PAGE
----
View synonyms for rhetorical


[ ri-tawr-i-kuhl, -tor- ]


  1. used for, belonging to, or concerned with mere style or effect, rather than truth, substance, or meaning:

    Her bold and ingenious analogies, although engaging, are purely rhetorical, adding nothing to our understanding of the issue.

    Synonyms: oratorical, stylistic, verbal

  2. marked by or tending to use exaggerated language or bombast:

    Fortunately, the rebel leaders did not have the military power to follow through on their fiery rhetorical eruptions.

  3. of, relating to, or concerned with rhetoric, or the skillful use of language to persuade people:

    She had spent hours with her advisors discussing rhetorical strategy, and now it was time to deliver the speech.

  4. of, relating to, or in reference to a rhetorical question:

    No need to respond—that was rhetorical.


/ rɪˈtɒrɪkəl /


  1. concerned with effect or style rather than content or meaning; bombastic
  2. of or relating to rhetoric or oratory

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Derived Forms

  • rheˈtorically, adverb

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Other Words From

  • rhe·tor·i·cal·ly adverb
  • rhe·tor·i·cal·ness noun
  • non·rhe·tor·i·cal adjective
  • un·rhe·tor·i·cal adjective

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Word History and Origins

Origin of rhetorical1

First recorded in 1470–80; from Latin rhētoric(us) (from Greek rhētorikós ) + -al 1

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Example Sentences

It can be helpful to explicitly remind those taking a more academic rhetorical stance that, for some, it is not possible to avoid challenging emotions like fear and grief in discussing these events.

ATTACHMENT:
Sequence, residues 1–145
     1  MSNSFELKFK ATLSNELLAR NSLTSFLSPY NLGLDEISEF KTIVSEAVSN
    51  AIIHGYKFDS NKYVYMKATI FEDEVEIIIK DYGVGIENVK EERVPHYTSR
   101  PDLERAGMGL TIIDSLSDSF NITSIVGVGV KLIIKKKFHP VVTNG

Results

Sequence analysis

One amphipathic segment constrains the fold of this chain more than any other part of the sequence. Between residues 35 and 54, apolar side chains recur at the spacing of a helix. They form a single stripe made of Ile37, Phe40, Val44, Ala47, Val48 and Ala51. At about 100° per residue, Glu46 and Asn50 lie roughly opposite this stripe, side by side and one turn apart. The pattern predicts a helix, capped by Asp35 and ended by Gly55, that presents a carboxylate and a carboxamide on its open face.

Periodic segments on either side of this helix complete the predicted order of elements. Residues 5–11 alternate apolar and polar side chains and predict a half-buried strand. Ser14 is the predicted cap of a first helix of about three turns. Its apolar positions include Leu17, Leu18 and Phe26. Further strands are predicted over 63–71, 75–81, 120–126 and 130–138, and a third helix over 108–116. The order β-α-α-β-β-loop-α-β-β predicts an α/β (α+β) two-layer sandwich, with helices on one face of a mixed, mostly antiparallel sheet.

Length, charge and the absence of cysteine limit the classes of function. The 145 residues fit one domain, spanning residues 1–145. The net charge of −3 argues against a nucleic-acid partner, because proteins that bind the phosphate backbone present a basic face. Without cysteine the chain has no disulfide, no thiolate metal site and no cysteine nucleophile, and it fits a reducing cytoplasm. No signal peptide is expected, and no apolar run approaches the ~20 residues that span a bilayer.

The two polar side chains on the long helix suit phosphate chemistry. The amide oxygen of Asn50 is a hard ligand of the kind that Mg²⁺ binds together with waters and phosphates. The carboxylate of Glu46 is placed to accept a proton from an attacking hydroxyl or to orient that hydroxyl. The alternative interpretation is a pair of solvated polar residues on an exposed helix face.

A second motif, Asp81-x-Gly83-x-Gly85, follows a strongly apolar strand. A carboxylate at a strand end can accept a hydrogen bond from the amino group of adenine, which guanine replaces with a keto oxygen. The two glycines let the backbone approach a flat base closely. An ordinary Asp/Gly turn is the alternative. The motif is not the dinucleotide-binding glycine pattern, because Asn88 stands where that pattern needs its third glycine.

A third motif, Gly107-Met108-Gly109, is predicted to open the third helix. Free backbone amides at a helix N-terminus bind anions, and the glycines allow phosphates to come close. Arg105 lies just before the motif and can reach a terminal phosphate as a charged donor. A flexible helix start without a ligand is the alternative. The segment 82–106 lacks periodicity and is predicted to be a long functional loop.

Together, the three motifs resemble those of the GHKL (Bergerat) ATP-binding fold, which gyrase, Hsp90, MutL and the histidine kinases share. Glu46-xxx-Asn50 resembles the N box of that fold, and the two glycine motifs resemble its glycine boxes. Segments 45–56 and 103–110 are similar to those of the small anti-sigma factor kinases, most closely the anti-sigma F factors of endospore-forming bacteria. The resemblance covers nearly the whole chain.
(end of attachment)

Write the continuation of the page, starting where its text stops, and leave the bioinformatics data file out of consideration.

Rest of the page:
From Fortune

The “people have a right to be angry” isn’t the only line of rhetorical defense Fox has employed in the hours after the violence.

From Vox

They are that bubble, the outer rhetorical fortress inside which the movement’s genuine convictions sit protected and undisturbed.

He believed — wrongly, as it turned out — that his fame and rhetorical skills could stir Unionist sentiment among sensible Southerners, despite calls for secession from their newspapers and their intemperate politicians.

Plus, the rhetorical punch is arguably more powerful coming from the people who helped create the problem, like Justin Rosenstein, co-inventor of Facebook’s “like” button, and Tim Kendall, former president of Pinterest.

But politicians abhor a rhetorical vacuum, and they have clamored to fill it.

Its rhetorical potential—if it ever had any—has been thoroughly exhausted.

It was a gracious touch, a rhetorical olive branch to his vanquished foes.

Yet the president uses it for rhetorical vividness—a clarity, as it were.

But this new flavor of rhetorical flimflam is still pretty, well, whack.

The style of Sallust is brilliant, but his art is always apparent; he is clear and lively, but rhetorical.

To every one he said a hearty thing, and sometimes touched his greeting off with a bit of poetry or a rhetorical phrase.

Lynn was a humored, wayward child, and this cold severity did more to quiet him than an hour's rhetorical pleading.

Milton gives us a rhetorical definition in a negative form, which is of equal value, at least, with any authority yet cited.

His clutch on the letter was distinctly inquisitive, and he read out the opening sentences with almost rhetorical effect.


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